Turkey suspended thousands of police officers on Monday, widening a purge of the armed forces and judiciary after a failed military coup, and raising concern among European allies and the US that it was abandoning the rule of law.
Turkey dismissed almost 9,000 officials including a massive number of police officers after a failed coup targeting the government of President Recep Tayyip Erdogan, the state-run Anadolu news agency said citing the interior ministry, AFP reported.
A total of 8,777 public personnel including 7,899 police, one provincial governor and 29 governors of towns have been dismissed, the ministry said.
They also include 614 members of the police force that looks after domestic security, it added.
Turkey has cracked down on coup plotters that left over 290 dead, as Erdogan pointed the finger of blame at the supporters of US-based Turkish cleric Fethullah Gulen, who is believed to wield influence in the police and judiciary.
Thirty regional governors and more than 50 high-ranking civil servants have also been dismissed, CNN Turk said.
Thousands of members of the armed forces, from foot soldiers to commanders, were rounded up on Sunday, some shown in photographs stripped to their underpants and handcuffed on the floors of police buses and a sports hall. Several thousand prosecutors and judges have also been removed.
‘No excuse’ for Turkey
The United States and European Union called on Turkey to respect the rule of law in the crackdown following the attempted coup, US Secretary of State John Kerry said during a visit to Brussels on Monday reported.
“We firmly urge the government of Turkey to maintain calm and stability throughout the country,” Kerry told a news conference with EU foreign policy chief Federica Mogherini after talks with EU foreign ministers.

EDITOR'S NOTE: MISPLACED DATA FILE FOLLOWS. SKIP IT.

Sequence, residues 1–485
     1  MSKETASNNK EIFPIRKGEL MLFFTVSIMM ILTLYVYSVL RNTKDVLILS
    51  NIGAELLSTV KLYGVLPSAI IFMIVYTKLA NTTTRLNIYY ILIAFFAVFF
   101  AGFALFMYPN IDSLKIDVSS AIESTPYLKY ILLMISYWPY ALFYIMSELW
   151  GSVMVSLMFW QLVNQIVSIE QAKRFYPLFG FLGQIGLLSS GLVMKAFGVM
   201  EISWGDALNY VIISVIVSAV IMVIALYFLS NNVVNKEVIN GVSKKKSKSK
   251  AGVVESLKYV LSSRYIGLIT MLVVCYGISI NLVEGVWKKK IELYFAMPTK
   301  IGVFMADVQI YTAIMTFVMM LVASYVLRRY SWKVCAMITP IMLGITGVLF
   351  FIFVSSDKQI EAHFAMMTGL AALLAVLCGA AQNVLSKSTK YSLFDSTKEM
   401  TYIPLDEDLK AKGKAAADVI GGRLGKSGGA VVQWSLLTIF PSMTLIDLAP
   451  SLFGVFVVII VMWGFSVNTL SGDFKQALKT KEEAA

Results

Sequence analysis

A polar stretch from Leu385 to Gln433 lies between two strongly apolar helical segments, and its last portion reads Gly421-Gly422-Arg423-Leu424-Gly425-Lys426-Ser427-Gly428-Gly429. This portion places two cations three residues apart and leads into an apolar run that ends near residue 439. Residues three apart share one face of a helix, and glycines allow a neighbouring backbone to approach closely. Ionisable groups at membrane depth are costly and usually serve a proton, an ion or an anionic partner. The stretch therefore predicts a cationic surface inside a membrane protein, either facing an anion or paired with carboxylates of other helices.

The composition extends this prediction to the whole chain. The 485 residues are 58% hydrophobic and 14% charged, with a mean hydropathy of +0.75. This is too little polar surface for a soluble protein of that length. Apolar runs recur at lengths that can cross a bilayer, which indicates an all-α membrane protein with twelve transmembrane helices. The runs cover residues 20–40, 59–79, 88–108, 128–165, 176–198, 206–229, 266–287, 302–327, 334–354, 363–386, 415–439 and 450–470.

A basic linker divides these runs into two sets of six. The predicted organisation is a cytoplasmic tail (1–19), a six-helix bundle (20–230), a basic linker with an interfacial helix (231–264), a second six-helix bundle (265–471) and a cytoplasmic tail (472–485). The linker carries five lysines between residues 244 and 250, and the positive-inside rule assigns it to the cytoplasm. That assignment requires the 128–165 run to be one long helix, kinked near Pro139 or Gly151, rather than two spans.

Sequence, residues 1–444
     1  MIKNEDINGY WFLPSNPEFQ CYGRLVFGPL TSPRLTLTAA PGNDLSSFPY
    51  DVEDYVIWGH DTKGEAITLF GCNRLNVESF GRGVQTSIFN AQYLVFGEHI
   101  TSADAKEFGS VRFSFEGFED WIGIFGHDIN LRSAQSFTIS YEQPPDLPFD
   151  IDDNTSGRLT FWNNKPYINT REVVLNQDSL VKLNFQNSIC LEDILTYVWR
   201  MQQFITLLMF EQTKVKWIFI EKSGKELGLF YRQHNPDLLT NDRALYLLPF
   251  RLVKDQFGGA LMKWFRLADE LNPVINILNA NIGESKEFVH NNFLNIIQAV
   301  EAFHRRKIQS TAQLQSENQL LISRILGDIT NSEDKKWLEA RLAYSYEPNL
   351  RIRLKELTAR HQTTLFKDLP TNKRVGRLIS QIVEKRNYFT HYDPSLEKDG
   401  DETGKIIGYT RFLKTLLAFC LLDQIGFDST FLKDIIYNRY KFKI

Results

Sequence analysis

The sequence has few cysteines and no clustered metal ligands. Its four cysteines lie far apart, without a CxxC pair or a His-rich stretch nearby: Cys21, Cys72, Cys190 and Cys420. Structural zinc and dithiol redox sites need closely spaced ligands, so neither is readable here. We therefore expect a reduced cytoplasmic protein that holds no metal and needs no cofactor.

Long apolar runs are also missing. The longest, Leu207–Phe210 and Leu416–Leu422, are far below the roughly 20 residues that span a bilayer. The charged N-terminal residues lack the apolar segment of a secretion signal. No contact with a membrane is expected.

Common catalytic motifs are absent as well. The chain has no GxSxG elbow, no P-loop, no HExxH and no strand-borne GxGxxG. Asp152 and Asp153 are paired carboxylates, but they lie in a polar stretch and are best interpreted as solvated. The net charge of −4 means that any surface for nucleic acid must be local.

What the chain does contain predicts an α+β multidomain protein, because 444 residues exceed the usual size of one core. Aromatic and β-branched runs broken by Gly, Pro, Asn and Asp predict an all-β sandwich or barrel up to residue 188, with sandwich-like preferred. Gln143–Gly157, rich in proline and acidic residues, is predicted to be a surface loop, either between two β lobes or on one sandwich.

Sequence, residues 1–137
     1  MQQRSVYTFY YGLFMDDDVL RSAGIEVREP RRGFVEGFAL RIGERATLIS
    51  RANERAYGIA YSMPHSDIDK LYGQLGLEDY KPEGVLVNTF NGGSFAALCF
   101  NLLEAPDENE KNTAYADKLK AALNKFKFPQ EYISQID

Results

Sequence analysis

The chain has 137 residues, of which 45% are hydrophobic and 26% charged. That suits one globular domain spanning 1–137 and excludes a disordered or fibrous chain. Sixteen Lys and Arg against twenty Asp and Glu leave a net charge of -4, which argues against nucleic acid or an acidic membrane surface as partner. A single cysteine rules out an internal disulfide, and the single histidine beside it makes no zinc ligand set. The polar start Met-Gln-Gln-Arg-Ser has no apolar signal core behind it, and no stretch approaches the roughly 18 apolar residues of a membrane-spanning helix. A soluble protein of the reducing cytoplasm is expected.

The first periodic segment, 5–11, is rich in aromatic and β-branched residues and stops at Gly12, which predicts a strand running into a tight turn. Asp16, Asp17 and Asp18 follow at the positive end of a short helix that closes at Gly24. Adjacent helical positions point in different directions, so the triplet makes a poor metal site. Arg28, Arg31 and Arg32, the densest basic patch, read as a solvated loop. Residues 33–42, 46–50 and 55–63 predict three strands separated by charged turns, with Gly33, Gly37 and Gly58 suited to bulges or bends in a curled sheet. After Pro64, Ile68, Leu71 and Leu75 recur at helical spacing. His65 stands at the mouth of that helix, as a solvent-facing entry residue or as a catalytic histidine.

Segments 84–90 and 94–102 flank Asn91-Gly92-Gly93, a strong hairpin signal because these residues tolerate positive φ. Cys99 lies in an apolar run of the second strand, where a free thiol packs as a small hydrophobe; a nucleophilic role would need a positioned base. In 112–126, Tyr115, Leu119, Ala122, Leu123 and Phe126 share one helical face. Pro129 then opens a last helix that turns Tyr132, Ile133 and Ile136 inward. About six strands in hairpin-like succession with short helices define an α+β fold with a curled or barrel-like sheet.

“And we also urge the government of Turkey to uphold the highest standards of respect for the nation’s democratic institutions and the rule of law.”
Also Mogherini warned the Turkish government against taking steps that would damage the constitutional order.
“We were the first… during that tragic night to say that the legitimate institutions needed to be protected,” she said in Brussels.
“We are the ones saying today rule of law has to be protected in the country,” she added. “There is no excuse for any steps that take the country away from that.”
Erdogan on Sunday told crowds of supporters, called to the streets by the government and by mosques across the country, that parliament must consider their demands to apply the death penalty for the plotters.
“We cannot ignore this demand,” he told a chanting crowd outside his house in Istanbul late on Sunday. “In democracies, whatever the people say has to happen.”
He called on Turks to stay on the streets until Friday, and late into Sunday night his supporters thronged squares and streets, honking horns and waving flags.
Austrian Foreign Minister Sebastian Kurz also said it would be unacceptable for Turkey to reintroduce the death penalty, which it abolished in 2004. Abolishing capital punishment was a prerequisite for talks with Turkey on membership of the European Union, to which it still aspires, Reuters reported.
Turkey’s pro-Kurdish HDP opposition, parliament’s third largest party, said it would not support any government proposal to reintroduce the death penalty. The main CHP opposition said the response to the coup attempt must be conducted within the rule of law and that the plotters should face trial.
Send evidence, not allegations
According to AFP, Kerry meanwhile told Turkey it had to produce evidence to support the extradition of exiled Gulen over alleged involvement in the failed coup.
“I urged the foreign minister (Mevlut cavusoglu) to make certain that in whatever portfolio and request they send us, they send us evidence, not allegations,” he said.
“We need to see genuine evidence that withstands the standard of scrutiny that exists in many countries with respect to the system of extradition.”
The US Consulate General in Istanbul said on Monday it expected demonstrations near its facilities and it warned American citizens to avoid the area, Reuters reported.
Turkey is demanding that the United States extradite Gulen, whom it says was behind the coup attempt. Gulen denied involvement.
Turkish Prime Minister Binali Yildirim said the country has documents detailing the responsible parties of the failed coup attempt.
The coup plotters had detailed plans on who would take ministerial posts and who would act as the head of martial law, Yildirim said in comments after a cabinet meeting.
He also said that investigations were still underway and detentions within security forces continue.